The United Nations Human Rights Council votes in favor of a new resolution on the death penalty

International standards

By Jessica Corredor, on 4 October 2017

The death penalty has been on Human Rights Council’s agenda since the very beginning of the session in mid-September. Indeed, the High Commissioner for Human Rights presented its report on the high-level panel discussion on the question of the death penalty which took place the 1st of March 2017 during the 34th session of the Human Rights Council. The purpose of this panel discussion was to address human rights violations related to the use of the death penalty, in particular with respect to the prohibition of torture and other cruel, inhuman or degrading treatment or punishment.

The Council also presented the Yearly Supplement of the Secretary-general to his quinquennial report on capital punishment. It pays specific attention to discrimination in the context of the death penalty. An entire part of the report focuses on socio-economic discriminations which echoes the World Day Against the Death Penalty’s theme: the death penalty and poverty.

The Council voted a resolution on the death penalty and discrimination.

During informal reunions, the Human Rights Council debated on a project of resolution similar to the yearly supplement.

Benin, Belgium, Costa Rica, France, Mexico, Moldavia and Mongolia presented a project of resolution initiated by Switzerland. This project of resolution underlines the discriminatory aspect of the death penalty and aims to organize a high-level panel on this particular issue during the 40th session of the United Nations Human Rights Council. Moreover, the resolution asks the Secretary General to dedicate his 2019 yearly supplement to his quinquennial report on capital punishment and its consequences on the respect for human rights.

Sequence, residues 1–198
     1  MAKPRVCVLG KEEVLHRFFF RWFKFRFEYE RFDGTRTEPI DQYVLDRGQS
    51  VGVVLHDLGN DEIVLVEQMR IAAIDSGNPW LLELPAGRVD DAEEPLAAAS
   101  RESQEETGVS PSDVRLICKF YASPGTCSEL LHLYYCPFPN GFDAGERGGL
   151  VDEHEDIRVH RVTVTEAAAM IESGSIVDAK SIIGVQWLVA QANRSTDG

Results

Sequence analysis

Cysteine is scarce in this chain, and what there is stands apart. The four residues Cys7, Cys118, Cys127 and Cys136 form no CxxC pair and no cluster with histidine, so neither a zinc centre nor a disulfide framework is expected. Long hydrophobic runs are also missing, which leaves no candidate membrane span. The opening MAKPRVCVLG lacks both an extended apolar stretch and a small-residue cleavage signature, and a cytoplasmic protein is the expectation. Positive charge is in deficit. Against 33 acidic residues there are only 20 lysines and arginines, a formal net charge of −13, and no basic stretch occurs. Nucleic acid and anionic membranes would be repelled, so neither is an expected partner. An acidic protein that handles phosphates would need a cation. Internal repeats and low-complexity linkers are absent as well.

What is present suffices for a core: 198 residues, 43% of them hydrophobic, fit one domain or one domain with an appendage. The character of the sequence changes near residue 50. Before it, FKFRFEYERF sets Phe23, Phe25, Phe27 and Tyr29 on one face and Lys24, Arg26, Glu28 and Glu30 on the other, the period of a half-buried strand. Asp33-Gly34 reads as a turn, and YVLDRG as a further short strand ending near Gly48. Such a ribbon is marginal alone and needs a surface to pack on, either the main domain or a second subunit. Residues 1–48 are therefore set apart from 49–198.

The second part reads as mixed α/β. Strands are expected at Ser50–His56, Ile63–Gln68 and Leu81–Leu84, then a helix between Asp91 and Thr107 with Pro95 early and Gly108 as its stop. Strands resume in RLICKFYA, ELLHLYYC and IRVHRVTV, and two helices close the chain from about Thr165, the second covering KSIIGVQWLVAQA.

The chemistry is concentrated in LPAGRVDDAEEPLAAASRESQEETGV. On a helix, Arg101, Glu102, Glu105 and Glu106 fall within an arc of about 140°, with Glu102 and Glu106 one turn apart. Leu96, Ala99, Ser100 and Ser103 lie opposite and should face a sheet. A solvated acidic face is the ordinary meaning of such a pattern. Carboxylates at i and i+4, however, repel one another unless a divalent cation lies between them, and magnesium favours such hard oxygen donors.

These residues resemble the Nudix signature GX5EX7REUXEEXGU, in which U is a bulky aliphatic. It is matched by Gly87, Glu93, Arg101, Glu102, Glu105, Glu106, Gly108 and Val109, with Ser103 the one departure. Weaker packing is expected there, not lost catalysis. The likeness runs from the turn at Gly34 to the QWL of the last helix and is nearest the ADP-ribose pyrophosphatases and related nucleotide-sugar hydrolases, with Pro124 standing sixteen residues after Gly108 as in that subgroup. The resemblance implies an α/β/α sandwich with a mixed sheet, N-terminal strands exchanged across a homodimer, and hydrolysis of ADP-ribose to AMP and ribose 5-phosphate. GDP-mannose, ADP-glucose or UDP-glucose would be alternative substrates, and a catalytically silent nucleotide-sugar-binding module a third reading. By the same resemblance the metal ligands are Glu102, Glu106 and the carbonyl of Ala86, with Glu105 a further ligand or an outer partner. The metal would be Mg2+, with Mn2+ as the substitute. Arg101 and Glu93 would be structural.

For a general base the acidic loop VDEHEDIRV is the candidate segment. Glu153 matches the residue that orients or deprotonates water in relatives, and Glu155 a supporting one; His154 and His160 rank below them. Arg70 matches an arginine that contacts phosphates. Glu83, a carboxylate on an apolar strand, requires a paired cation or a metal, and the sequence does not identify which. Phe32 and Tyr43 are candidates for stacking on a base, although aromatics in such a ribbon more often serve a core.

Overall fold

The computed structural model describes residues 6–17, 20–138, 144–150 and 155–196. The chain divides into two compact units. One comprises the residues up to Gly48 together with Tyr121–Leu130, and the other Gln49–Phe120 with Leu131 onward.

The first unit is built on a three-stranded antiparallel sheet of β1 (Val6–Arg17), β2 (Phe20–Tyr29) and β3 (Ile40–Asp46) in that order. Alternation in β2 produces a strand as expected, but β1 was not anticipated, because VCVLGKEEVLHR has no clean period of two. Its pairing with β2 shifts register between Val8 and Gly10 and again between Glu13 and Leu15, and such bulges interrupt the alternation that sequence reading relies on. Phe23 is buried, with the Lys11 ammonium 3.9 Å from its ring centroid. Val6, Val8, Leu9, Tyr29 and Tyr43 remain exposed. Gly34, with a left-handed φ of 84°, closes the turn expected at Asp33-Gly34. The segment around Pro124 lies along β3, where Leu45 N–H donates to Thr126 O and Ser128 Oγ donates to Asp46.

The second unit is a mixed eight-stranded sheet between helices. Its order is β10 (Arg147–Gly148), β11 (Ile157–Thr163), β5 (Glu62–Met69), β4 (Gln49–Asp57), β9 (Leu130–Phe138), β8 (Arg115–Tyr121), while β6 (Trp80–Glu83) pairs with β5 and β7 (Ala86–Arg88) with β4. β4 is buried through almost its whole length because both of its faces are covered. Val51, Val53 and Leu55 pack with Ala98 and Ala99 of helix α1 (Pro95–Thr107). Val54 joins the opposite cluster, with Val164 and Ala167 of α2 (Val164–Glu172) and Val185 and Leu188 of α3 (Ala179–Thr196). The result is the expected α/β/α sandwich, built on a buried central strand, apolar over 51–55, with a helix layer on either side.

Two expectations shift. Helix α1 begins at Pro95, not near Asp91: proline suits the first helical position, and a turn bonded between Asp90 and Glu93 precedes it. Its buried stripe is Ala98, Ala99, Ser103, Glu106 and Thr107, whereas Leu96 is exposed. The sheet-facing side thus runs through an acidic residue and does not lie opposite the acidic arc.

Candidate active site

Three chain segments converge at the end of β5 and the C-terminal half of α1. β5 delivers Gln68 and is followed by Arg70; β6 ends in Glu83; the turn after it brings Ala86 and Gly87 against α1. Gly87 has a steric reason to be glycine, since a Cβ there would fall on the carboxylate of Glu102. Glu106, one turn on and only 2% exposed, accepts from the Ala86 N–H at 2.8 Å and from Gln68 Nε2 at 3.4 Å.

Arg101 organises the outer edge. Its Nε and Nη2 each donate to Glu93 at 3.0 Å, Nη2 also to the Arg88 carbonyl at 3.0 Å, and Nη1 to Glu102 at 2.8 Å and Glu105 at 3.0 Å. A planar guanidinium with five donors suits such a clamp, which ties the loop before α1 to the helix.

The resolution, co-sponsored by 60 States, was adopted on September 29, 2017, with 27 votes in favor, 13 votes against and 7 abstentions. As it was expected, Egypt and Saudi Arabia wanted to amend the text. These amendments, however, were rejected. Thus, like China, Iraq or Japan, Saudi Arabia and Egypt voted against the resolution.

On death penalty issues, the civil society makes itself heard.

During the session of the Human Rights Council, the civil society advocating for the abolition of the death penalty made itself heard. For instance, Death Penalty project, member of the World Coalition Against the Death penalty, organized a side event on the death penalty in Commonwealth countries. Besides, several organizations of the civil society made statements on the death penalty. A dozen of members of the World Coalition co-signed a joint-statement which congratulated the Secretary General for paying attention to the discriminatory application of the death penalty. As a conclusion, the organizations declared:

“The death penalty is a discriminatory practice, often used against the poor, and should be abolished.”

Amnesty International also made a statement congratulating Mongolia for the legislative abolition of the death penalty. Amnesty, which celebrates the 40th anniversary of its abolition campaign, warned the Council about the fate of juveniles sentenced to death in some countries.


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